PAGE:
Offline VAMike

  • Sr. Member
  • ****
  • Posts: 429
  • Karma: +65/-11
    • View Profile
Re: ESPRESSOBin
« Reply #23 on: February 12, 2018, 06:24:17 am »
The problem with USB is that it's not an interface suitable for advanced network traffic. While it might be enough for basic home or prosumer usage, it's even worse than Realtek PCIe interfaces.
Exactly. Everyone who's buying a $50 piece of network gear would basically be pissed if they could plug a USB gigabit adapter in and find that it works, because it's not "advanced" enough for the truly discerning.

Offline strigona

  • Newbie
  • *
  • Posts: 11
  • Karma: +2/-0
    • View Profile
Re: ESPRESSOBin
« Reply #24 on: February 13, 2018, 11:34:45 am »

Offline Rockford

  • Newbie
  • *
  • Posts: 4
  • Karma: +0/-0
    • View Profile
Re: ESPRESSOBin
« Reply #25 on: February 21, 2018, 09:45:10 am »
I found the most recent official driver source code for Linux.

The problem with USB is that it's not an interface suitable for advanced network traffic. While it might be enough for basic home or prosumer usage, it's even worse than Realtek PCIe interfaces.


There are a few things to consider.
1: Performance. Since the EspressoBIN appears to allow only 1Gbit transfers, this means that if transferring data in both directions between a computer on LAN and the WAN, we'll get a maximum throughput of 500 Mbit in each direction.
If adding an USB3.0 GbE interface that can handle at least 500Mbit/sec in each direction, then we'd already get a faster transfer rate in each direction.

2: Security. If somehow the router is rebooted and crashes before U-Boot can change the LAN-WAN bridging, then attackers can freely inject spambots and other nice stuff into the LAN. This will definitely not be possible if a driver is required in order to get data through the WAN port.

... I for one would not be angry if I could add a USB3.0 device and get an extra GbE port.
Though, I really would prefer having a GbE WAN plus a 2.5Gbit Topaz switch instead of having a 1Gbit switch an USB3.0 port (but mainstream probably likes USB3 better than I). I can probably still add up to 4 GbE ports on Mini-PCIe, but the chance of pfSense supporting exactly those cards I pick is pretty slim.

Offline johnkeates

  • Hero Member
  • *****
  • Posts: 840
  • Karma: +60/-1
    • View Profile
Re: ESPRESSOBin
« Reply #26 on: February 21, 2018, 09:48:07 am »
I found the most recent official driver source code for Linux.

The problem with USB is that it's not an interface suitable for advanced network traffic. While it might be enough for basic home or prosumer usage, it's even worse than Realtek PCIe interfaces.


There are a few things to consider.
1: Performance. Since the EspressoBIN appears to allow only 1Gbit transfers, this means that if transferring data in both directions between a computer on LAN and the WAN, we'll get a maximum throughput of 500 Mbit in each direction.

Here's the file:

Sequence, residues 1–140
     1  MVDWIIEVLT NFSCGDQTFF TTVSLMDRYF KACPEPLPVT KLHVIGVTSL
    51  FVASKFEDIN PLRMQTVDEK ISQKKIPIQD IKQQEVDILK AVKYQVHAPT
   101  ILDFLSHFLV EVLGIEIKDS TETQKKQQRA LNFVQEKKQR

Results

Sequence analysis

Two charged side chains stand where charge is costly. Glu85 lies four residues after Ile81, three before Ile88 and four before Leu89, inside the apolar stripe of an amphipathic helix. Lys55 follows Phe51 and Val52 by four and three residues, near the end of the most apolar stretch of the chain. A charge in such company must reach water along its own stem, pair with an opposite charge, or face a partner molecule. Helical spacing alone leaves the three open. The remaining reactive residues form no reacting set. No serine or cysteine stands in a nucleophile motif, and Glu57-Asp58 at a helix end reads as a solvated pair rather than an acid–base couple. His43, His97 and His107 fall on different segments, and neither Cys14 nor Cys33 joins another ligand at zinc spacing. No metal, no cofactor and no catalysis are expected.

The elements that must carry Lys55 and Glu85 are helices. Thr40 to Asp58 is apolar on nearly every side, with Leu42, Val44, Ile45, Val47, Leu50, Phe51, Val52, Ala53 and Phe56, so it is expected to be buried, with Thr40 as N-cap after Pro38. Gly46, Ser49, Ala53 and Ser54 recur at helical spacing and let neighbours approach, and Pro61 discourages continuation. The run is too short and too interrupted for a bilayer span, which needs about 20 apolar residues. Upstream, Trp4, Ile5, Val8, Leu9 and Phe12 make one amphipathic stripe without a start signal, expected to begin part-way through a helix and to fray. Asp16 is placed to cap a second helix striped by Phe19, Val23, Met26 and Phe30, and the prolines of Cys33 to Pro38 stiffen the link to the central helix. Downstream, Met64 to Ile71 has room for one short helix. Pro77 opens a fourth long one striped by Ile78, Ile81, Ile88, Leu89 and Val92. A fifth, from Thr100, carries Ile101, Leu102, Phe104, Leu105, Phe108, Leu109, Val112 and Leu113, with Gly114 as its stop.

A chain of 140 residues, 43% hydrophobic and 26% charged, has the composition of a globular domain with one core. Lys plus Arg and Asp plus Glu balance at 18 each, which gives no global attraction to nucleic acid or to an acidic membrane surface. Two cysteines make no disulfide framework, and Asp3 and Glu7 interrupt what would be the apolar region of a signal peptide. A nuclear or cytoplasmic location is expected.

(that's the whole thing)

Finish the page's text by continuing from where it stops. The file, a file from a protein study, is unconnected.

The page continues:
If adding an USB3.0 GbE interface that can handle at least 500Mbit/sec in each direction, then we'd already get a faster transfer rate in each direction.

2: Security. If somehow the router is rebooted and crashes before U-Boot can change the LAN-WAN bridging, then attackers can freely inject spambots and other nice stuff into the LAN. This will definitely not be possible if a driver is required in order to get data through the WAN port.

... I for one would not be angry if I could add a USB3.0 device and get an extra GbE port.
Though, I really would prefer having a GbE WAN plus a 2.5Gbit Topaz switch instead of having a 1Gbit switch an USB3.0 port (but mainstream probably likes USB3 better than I). I can probably still add up to 4 GbE ports on Mini-PCIe, but the chance of pfSense supporting exactly those cards I pick is pretty slim.

I don't think anyone would be angry if USB network adapters had the same features and performance as PCIe adapters. Most of the issues stem from the limitations of USB as a bus (i.e. USB traffic costs CPU to get to RAM, PCIe has DMA), and from the manufacturers trying to segment the market, removing certain hardware features (well, mostly turning them off) or limiting stuff in their driver code (i.e. no hardware VLANs or a very small number of queues or queue entries, small buffers in the firmware etc.).

Offline Rockford

  • Newbie
  • *
  • Posts: 4
  • Karma: +0/-0
    • View Profile
Re: ESPRESSOBin
« Reply #27 on: Today at 08:25:58 am »
I don't think anyone would be angry if USB network adapters had the same features and performance as PCIe adapters. Most of the issues stem from the limitations of USB as a bus (i.e. USB traffic costs CPU to get to RAM, PCIe has DMA), and from the manufacturers trying to segment the market, removing certain hardware features (well, mostly turning them off) or limiting stuff in their driver code (i.e. no hardware VLANs or a very small number of queues or queue entries, small buffers in the firmware etc.).

Now I understand what @VAMike is saying. ;)
Sure I hate USB - anything USB.
It should never have been "invented".
-But since I now have a board that has this USB3 port, I'd like to exploit it.

If, on the other hand, you think that Mini-PCIe is the way to go with pfSense, I will certainly not stand in your way!
(I just hoped to use Mini-PCIe for an extra 4-port SATA interface).
... However, thinking about it, it's pretty silly having several GbE ports via USB3 and then a total of 11 Gbit SATA available.
The USB3.0 plus the built-in GbE ports wouldn't be able to utilize those speeds anyway.
The built-in SATA can give me 600000000 Bytes per second, where Mini-PCIe can maximum (ideally) give me 500000000 Bytes per second.
So if using one of the GbE ports plus 4 GbE ports on the Mini-PCIe, I think the throughput would be as balanced as it could get.
-Then USB3 could be used for a few (slower) spare harddisks.

Anyway, for my pfSense box, I intend to only run pfSense and a single harddisk (for O/S); no NAS and as little "junk" as possible; stability and performance is much more wanted than a lot of features.
So a bunch of GbE interfaces via Mini-PCIe would still be very appealing to me (even if a Mini-PCIe-to-PCIe breakout cable is necessary).